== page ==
Insect thermal tolerance: what is the role of ontogeny, ageing and senescence?
Article first published online: 28 JUN 2008
© 2008 The Authors Journal compilation © 2008 Cambridge Philosophical Society
Volume 83, Issue 3, pages 339–355, August 2008
How to Cite
Bowler, K. and Terblanche, J. S. (2008), Insect thermal tolerance: what is the role of ontogeny, ageing and senescence?. Biological Reviews, 83: 339–355. doi: 10.1111/j.1469-185X.2008.00046.x
- Issue published online: 21 JUL 2008
- Article first published online: 28 JUN 2008
- (Received 11 December 2007; revised 29 April 2008; accepted 08 May 2008)
- temperature tolerance;
- chill coma;
- phenotypic plasticity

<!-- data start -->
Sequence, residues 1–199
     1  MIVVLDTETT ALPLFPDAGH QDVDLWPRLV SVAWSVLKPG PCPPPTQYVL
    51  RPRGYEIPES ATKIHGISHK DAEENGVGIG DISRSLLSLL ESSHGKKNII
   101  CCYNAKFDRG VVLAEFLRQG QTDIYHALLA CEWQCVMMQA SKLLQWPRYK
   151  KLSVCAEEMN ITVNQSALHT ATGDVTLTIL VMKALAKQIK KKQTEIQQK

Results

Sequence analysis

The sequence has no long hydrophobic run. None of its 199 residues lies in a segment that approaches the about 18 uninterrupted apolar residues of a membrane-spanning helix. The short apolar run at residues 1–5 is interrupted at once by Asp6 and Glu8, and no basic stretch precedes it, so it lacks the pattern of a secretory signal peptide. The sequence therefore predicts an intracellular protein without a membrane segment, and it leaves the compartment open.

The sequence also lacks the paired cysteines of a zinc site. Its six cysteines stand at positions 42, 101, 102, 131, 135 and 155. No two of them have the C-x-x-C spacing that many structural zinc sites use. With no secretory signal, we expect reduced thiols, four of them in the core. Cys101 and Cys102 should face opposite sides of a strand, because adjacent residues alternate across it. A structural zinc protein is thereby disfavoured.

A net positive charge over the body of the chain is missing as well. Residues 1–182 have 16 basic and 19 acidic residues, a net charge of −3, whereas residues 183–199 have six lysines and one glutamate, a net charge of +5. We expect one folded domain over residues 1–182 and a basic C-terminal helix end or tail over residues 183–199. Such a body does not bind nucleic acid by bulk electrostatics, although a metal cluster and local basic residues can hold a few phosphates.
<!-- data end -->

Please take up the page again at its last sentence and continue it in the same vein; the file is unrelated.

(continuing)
Temperature has dramatic evolutionary fitness consequences and is therefore a major factor determining the geographic distribution and abundance of ectotherms. However, the role that age might have on insect thermal tolerance is often overlooked in studies of behaviour, ecology, physiology and evolutionary biology. Here, we review the evidence for ontogenetic and ageing effects on traits of high- and low-temperature tolerance in insects and show that these effects are typically pronounced for most taxa in which data are available. We therefore argue that basal thermal tolerance and acclimation responses (i.e. phenotypic plasticity) are strongly influenced by age and/or ontogeny and may confound studies of temperature responses if unaccounted for. We outline three alternative hypotheses which can be distinguished to propose why development affects thermal tolerance in insects. At present no studies have been undertaken to directly address these options. The implications of these age-related changes in thermal biology are discussed and, most significantly, suggest that the temperature tolerance of insects should be defined within the age-demographics of a particular population or species. Although we conclude that age is a source of variation that should be carefully controlled for in thermal biology, we also suggest that it can be used as a valuable tool for testing evolutionary theories of ageing and the cellular and genetic basis of thermal tolerance.